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Movers held oxygen tank of son: Mom

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A Richmond Hill moving company held hostage oxygen machines and other medical equipment belonging to a seriously ill customer, demanding $2,300 more than the original estimate to complete a move from Long Island to Georgia, a Long Island woman said.

Owners of the company, which allegedly stole hundreds of thousands of dollars from clients by lowballing them and then holding their furniture for ransom, were scheduled to appear in court March 27 to answer charges of enterprise corruption, grand larceny and criminal possession of stolen property, said a spokeswoman for Queens District Attorney Richard Brown.

But Joyce Forgue, of Deer Park, L.I., said she knew the company, was up to no good well before investigators executed a search warrant and seized trucks, computers and more than $500,000 worth of furniture from its Atlantic Avenue warehouse. The company was unlicensed and operated under five different names, the DA said.

The action by investigators came too late as far as she and her family are concerned, she said.

“It showed me I was right more than a year and half ago, and nobody did anything to prevent this unscrupulous company from operating,” she said.

Enticed by a Value-Pak advertisement, Forgue hired Eilid Moving and Storage to move her daughter and son-in-law from Deer Park to Buford, Ga. in November 2000.

But the company held the family’s belongings hostage until she shelled out $3,275 to complete a move for which she had originally received a quote of $975, according to receipts she supplied to the TimesLedger.

Forgue said she had to pay the extra money because medical equipment her ill son-in-law needed was among the items being held for ransom by the company, one of the five movers that operated as a single entity out of a warehouse at 131-11 Atlantic Ave. in Richmond Hill. She made two separate credit card payments to Eilid, one for $1,000 and the other for $1,300.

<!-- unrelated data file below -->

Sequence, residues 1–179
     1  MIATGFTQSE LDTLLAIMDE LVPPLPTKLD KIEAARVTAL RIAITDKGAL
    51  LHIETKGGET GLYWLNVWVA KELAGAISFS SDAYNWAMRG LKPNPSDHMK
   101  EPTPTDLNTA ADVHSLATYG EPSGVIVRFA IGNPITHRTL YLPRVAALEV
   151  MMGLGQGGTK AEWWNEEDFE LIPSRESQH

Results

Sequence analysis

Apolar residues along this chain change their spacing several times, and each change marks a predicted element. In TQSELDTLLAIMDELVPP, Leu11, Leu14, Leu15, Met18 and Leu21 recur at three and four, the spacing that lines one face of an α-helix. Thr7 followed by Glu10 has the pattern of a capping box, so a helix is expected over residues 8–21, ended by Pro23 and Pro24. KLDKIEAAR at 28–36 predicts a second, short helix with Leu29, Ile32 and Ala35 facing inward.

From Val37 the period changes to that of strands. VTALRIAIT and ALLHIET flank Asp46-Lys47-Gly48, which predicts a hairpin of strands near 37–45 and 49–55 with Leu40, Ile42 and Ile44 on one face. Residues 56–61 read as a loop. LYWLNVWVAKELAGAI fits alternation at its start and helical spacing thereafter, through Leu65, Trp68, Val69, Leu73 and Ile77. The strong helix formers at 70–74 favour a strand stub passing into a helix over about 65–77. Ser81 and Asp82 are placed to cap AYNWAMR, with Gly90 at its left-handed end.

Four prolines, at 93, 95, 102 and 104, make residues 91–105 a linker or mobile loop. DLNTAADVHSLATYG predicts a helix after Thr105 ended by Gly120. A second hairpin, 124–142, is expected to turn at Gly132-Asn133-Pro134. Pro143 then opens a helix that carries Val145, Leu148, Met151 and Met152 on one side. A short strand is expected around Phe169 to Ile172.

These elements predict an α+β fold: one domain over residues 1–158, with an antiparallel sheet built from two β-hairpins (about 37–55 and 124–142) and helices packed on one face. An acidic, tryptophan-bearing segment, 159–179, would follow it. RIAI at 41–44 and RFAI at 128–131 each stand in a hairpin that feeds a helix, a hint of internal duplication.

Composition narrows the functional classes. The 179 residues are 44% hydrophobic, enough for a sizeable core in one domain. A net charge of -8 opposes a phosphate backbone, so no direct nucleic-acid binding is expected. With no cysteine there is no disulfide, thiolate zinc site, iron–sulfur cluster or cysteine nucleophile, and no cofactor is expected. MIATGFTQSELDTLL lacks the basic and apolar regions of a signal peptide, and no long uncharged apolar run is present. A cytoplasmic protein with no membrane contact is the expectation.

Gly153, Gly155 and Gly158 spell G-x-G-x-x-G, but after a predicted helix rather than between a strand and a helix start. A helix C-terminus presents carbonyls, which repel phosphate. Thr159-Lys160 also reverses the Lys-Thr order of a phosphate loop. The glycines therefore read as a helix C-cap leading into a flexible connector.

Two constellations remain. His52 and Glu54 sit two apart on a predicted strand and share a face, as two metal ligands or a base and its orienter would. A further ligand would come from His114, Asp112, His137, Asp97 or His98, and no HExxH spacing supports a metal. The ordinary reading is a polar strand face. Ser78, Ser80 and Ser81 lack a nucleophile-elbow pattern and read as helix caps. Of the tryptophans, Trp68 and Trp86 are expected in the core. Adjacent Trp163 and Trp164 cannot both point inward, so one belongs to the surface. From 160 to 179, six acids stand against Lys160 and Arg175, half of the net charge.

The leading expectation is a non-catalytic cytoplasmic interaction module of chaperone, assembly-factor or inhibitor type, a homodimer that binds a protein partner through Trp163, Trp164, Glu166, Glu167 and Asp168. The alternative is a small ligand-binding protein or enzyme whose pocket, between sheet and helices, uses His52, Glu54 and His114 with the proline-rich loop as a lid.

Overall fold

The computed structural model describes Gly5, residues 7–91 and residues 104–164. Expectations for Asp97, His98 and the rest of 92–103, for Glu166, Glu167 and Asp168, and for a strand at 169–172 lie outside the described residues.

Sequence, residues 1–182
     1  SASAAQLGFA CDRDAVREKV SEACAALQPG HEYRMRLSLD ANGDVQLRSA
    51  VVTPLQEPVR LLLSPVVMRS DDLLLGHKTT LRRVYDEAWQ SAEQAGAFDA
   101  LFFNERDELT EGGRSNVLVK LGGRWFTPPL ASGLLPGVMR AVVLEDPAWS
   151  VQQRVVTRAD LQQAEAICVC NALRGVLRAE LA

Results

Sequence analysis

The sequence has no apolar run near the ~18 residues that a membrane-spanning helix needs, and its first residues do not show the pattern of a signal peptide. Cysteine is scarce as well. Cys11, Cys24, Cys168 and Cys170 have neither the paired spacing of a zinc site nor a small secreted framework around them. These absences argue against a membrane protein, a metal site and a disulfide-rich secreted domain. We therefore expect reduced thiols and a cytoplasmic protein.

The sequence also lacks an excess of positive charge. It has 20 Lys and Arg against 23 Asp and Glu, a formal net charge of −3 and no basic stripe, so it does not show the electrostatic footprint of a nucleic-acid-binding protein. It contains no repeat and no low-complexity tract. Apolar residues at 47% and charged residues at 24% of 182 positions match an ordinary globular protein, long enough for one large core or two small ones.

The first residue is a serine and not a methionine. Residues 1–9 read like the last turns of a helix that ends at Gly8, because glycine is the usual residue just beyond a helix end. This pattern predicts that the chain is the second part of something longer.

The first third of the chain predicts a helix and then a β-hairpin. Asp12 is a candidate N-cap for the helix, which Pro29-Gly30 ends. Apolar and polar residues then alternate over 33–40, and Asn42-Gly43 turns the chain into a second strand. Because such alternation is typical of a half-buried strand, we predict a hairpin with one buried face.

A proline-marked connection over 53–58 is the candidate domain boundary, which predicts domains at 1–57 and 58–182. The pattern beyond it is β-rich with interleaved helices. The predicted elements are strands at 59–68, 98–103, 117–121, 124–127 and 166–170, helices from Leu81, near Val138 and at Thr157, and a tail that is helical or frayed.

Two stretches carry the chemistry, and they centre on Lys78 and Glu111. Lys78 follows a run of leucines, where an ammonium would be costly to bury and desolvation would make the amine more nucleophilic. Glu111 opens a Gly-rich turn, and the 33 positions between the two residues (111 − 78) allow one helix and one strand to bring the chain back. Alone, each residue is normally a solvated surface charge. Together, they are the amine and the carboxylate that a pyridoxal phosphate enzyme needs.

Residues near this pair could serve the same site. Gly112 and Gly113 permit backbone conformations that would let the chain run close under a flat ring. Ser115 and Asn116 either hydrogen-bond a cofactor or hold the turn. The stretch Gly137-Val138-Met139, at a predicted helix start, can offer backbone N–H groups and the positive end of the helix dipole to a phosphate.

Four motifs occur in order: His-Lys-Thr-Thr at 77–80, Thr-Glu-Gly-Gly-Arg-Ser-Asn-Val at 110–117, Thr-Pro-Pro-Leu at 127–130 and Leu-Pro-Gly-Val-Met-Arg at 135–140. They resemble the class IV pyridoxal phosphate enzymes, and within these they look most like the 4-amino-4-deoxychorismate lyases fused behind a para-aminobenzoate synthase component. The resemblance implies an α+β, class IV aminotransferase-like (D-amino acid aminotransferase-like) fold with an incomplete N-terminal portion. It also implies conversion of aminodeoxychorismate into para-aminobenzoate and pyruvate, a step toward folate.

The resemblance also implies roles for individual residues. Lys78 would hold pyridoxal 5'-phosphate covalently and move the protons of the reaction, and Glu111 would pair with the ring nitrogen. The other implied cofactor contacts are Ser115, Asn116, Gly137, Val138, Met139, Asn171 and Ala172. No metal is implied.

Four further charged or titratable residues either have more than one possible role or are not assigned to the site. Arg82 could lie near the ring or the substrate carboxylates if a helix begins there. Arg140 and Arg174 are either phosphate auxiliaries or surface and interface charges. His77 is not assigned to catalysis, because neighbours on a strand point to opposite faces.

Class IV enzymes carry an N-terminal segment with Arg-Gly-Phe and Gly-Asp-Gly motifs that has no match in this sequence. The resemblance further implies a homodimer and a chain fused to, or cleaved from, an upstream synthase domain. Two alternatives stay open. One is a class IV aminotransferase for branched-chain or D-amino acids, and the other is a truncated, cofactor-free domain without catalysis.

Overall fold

“There were oxygen machines on the truck,” she said. “What are you going to do?”

After trying unsuccessfully to recoup the money through her credit card company, Forgue took Eilid Moving and Storage to civil court in February 2001, seeking $2,000 in damages. Eilid’s owners did not show up, but sent a representative who Forgue said could not make decisions for the company and who “knew nothing” about its operations.

An arbitrator ruled on Forgue’s behalf, saying Eilid had to pay her $1,015, according to a notice of judgment filed in Queens Civil Court.

But Forgue was unable to get the movers to comply with the binding court order. Attempts to involve the city marshal’s office went nowhere, she said, and she still has not been repaid.

Then on Feb. 12, investigators executed a search warrant at the company’s headquarters. It was unclear how much of the property they seized from the Atlantic Avenue warehouse was allegedly being held for ransom, the DA said.

Mike Albanesi, a consumer fraud representative from the Queens district attorney’s office, said he was working to get restitution for the alleged victims of the Richmond Hill movers.

His office has received 200 complaints against the movers since charges against them became public Feb. 13, he said. “And more to come,” he added.

A possible timetable for the distribution of compensation, which would most likely be paid out of assets seized from the defendants, hinges upon the prosecution of co-owners Daniel Mantoza, 37, and his wife, Ronit Mantoza, 35, both of 148-47 67th Rd., Flushing; and co-owner Morad Alfar, 32, of 196-36 50th Ave., Fresh Meadows, Albanesi said.

If the case ultimately goes to trial, restitution may be delayed, he said.

Meanwhile, Forgue doubts she will get back any of the $2,300 she lost to the Richmond Hill movers, funds she said would mean a lot to her daughter and son-in-law.

“They don’t have a lot of money,” she said. “He is a sick person. They were moving to better his health.”

Reach reporter Daniel Massey by e-mail at Timesledger@aol.com or call 229-0300, Ext. 156.

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